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The Teahouse of the August Moon - Act 2, Scene 2 Summary & Analysis

This Study Guide consists of approximately 58 pages of chapter summaries, quotes, character analysis, themes, and more - everything you need to sharpen your knowledge of The Teahouse of the August Moon.
This section contains 177 words
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Act 2, Scene 2 Summary

One of the bamboo panels on the stage lifts to reveal Colonel Purdy in his office, where he reads a lackluster report from Captain Fisby. Purdy places a phone call to Fisby, who is wearing a bathrobe meant to serve as a kimono. Fisby is clearly distracted and flustered by Purdy's questions about his progress in Tobiki. Fisby's replies indicate no progress on the schoolhouse and no democratic lectures delivered to the Ladies' League.

Fisby reports the production of the cottage industries of cricket cages and lacquer bowls. Purdy surmises that Fisby has had a nervous breakdown. He summons a military psychiatrist named, Captain McLean, to Tobiki.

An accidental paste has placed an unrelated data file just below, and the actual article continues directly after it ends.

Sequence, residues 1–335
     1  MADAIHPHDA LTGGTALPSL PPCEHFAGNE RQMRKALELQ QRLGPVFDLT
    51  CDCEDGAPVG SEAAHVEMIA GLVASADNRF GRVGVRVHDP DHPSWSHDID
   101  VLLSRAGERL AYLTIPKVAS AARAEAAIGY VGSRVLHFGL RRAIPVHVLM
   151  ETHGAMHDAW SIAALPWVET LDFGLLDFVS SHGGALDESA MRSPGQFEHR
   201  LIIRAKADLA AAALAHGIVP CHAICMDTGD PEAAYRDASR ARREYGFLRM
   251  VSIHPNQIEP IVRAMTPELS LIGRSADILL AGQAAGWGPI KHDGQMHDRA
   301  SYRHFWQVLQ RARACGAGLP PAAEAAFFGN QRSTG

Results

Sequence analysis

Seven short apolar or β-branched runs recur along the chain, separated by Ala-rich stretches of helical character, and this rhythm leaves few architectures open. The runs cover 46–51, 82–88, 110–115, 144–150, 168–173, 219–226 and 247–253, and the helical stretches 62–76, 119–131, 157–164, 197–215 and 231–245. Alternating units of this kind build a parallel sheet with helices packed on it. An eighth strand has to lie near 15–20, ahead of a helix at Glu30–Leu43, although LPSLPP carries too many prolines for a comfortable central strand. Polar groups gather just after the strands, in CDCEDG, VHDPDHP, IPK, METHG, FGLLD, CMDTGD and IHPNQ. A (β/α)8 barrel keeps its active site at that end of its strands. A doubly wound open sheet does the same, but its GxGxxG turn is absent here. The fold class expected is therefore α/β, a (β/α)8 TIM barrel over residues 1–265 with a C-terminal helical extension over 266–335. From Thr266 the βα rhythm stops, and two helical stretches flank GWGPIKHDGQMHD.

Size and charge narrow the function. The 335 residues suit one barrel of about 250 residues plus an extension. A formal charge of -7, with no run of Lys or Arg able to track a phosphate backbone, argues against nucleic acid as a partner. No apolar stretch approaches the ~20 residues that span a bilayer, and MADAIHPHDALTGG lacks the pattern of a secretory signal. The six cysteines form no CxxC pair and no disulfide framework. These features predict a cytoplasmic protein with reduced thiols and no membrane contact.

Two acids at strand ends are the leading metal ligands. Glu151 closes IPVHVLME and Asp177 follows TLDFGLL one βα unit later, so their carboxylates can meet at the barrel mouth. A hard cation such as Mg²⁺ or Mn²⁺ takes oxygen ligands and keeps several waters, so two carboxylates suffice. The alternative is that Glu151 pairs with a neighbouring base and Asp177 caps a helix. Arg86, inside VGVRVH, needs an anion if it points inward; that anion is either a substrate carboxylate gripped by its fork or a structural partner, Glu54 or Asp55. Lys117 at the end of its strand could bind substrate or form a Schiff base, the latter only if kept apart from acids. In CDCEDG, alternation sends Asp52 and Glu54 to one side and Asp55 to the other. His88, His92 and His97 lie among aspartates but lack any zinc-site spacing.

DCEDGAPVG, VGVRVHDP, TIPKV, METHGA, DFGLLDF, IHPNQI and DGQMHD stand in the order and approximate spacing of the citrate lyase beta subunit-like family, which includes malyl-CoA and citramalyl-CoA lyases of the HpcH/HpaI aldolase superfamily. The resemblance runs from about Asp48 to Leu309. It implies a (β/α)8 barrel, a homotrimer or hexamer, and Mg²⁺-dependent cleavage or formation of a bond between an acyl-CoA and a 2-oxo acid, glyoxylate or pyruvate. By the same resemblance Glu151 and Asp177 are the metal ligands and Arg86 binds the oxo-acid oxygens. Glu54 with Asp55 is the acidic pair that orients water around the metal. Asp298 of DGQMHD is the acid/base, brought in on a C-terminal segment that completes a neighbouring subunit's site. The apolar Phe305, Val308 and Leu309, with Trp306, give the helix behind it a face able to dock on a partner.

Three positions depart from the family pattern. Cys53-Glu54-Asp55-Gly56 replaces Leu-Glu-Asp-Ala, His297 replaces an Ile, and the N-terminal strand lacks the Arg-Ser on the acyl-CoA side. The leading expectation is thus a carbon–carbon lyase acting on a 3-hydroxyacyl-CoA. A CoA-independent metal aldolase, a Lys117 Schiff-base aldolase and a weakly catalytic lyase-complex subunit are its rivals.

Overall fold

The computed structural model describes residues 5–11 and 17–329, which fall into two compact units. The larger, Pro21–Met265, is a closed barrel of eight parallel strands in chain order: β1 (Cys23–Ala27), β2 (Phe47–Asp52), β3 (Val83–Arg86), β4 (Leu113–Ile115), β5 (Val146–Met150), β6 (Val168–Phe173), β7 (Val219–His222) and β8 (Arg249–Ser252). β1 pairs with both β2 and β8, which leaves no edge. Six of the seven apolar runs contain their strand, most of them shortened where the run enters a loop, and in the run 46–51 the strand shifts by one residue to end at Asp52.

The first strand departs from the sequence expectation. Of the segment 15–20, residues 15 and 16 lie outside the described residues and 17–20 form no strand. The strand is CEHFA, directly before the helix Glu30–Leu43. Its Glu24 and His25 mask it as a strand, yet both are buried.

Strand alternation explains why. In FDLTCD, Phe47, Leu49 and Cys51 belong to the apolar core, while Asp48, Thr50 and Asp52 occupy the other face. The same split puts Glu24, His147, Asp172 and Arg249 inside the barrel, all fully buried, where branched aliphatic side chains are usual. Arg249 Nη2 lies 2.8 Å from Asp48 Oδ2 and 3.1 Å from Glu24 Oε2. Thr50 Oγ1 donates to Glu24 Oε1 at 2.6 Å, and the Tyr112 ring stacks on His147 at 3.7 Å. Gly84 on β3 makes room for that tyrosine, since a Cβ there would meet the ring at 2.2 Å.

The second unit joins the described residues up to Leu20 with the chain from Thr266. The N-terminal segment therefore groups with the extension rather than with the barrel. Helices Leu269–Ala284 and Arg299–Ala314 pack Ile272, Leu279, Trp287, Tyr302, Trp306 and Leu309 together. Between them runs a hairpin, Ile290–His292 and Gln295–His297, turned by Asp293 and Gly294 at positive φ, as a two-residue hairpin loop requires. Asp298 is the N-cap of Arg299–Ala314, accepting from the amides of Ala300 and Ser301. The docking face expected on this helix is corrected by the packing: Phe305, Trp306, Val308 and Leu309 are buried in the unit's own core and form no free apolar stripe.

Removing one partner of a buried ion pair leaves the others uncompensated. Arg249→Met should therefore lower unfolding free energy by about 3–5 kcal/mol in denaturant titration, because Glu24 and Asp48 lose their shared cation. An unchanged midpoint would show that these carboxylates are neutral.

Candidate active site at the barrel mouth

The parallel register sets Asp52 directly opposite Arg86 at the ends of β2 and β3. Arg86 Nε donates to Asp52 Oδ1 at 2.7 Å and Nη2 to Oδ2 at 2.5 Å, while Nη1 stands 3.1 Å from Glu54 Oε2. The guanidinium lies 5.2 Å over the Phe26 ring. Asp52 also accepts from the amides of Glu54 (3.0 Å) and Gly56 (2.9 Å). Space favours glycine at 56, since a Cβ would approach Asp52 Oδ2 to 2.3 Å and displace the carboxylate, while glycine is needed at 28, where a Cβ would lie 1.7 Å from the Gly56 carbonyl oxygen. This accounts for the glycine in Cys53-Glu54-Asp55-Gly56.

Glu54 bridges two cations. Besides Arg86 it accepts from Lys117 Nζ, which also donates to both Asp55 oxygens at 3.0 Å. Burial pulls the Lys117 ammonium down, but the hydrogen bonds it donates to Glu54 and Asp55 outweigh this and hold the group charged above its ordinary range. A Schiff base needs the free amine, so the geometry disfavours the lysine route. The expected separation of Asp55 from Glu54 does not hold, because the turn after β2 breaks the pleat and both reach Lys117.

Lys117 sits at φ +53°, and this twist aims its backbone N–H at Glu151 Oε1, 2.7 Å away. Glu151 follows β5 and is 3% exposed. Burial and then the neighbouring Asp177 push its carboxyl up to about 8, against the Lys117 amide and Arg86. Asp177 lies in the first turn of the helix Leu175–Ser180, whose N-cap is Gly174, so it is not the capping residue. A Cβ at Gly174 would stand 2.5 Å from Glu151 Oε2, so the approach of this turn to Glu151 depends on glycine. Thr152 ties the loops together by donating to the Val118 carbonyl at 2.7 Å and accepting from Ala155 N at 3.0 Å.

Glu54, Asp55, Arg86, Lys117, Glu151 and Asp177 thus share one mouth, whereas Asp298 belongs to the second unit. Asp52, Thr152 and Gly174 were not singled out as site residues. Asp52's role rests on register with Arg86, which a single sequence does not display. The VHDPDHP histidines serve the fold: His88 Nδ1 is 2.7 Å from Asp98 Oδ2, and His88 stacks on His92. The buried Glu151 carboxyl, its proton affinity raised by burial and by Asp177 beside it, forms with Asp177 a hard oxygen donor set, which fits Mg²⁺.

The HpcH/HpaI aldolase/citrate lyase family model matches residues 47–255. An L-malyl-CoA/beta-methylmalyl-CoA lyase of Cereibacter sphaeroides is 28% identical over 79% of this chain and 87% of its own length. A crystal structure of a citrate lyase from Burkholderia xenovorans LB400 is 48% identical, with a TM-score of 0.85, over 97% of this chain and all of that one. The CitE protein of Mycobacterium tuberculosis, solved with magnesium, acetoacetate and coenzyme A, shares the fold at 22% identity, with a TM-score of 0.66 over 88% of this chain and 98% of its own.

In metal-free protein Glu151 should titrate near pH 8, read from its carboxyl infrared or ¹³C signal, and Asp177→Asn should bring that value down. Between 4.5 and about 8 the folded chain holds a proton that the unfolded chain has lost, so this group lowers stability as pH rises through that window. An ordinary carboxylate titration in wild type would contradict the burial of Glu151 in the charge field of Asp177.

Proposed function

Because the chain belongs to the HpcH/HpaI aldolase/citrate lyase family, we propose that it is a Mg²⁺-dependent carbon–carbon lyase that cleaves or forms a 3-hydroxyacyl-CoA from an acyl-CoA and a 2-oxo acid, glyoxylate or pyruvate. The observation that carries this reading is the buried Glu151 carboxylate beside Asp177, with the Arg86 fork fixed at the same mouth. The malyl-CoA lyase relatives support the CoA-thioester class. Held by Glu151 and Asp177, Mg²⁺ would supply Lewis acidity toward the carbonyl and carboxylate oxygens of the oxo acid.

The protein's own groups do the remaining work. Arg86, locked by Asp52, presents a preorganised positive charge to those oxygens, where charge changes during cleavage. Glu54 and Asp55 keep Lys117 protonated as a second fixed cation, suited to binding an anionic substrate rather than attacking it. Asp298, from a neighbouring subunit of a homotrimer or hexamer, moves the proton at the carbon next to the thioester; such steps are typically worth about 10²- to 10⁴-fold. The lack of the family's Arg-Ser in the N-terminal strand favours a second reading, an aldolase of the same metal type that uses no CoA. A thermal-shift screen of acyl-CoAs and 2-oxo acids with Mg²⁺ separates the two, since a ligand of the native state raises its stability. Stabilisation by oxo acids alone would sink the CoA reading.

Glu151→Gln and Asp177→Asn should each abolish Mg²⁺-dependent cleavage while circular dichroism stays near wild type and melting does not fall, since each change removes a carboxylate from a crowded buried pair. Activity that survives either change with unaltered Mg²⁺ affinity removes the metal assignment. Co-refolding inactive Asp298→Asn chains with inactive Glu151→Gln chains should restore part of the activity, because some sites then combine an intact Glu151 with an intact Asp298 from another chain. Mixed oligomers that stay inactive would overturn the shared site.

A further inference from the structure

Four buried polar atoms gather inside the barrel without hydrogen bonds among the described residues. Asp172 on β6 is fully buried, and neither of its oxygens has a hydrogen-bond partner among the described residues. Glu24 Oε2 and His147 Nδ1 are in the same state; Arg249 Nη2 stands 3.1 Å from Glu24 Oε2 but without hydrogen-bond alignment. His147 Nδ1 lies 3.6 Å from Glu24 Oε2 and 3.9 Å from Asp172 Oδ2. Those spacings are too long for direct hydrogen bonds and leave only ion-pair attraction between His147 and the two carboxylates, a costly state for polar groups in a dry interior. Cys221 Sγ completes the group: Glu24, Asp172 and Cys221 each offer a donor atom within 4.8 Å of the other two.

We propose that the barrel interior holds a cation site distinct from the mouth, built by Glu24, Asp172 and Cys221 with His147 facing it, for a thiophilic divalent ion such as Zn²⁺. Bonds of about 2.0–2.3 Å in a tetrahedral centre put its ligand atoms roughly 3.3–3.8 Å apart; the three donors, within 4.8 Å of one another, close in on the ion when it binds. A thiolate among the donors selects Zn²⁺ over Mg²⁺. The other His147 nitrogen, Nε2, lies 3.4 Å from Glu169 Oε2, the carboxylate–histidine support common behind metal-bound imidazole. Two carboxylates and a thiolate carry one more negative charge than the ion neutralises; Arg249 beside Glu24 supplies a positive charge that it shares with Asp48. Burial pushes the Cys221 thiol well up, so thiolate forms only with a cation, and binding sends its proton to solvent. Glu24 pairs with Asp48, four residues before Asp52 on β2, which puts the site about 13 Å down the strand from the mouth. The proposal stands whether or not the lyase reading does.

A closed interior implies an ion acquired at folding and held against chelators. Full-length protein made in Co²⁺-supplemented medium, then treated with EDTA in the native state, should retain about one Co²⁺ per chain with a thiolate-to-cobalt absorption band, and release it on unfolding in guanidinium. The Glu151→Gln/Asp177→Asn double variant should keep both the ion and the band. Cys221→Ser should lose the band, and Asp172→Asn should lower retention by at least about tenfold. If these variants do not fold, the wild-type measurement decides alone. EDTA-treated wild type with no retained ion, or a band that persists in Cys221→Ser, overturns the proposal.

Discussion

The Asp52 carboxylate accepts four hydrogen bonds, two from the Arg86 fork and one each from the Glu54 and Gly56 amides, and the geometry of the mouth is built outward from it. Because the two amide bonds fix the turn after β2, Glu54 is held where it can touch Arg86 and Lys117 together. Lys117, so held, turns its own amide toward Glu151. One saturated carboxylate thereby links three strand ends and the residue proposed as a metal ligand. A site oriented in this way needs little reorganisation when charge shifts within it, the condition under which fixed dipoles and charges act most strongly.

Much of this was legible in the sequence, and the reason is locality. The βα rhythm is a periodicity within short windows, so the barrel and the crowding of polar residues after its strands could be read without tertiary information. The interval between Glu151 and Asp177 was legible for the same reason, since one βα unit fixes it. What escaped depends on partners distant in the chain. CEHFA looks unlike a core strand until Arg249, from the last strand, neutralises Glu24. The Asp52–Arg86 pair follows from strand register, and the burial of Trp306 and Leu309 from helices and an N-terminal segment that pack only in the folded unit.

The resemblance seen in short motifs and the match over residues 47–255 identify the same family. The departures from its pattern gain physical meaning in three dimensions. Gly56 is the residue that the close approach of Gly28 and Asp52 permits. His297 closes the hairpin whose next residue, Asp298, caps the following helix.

Act 2, Scene 2 Analysis

By this time, Fisby is fully immersed into the village lifestyle by wearing his bathrobe and drinking tea at sunset with the townspeople. The process of democratization has broken down, and Purdy sees his chances...

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This section contains 177 words
(approx. 1 page at 300 words per page)
Purchase our The Teahouse of the August Moon Study Guide
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The Teahouse of the August Moon from BookRags and Gale's For Students Series. ©2005-2006 Thomson Gale, a part of the Thomson Corporation. All rights reserved.
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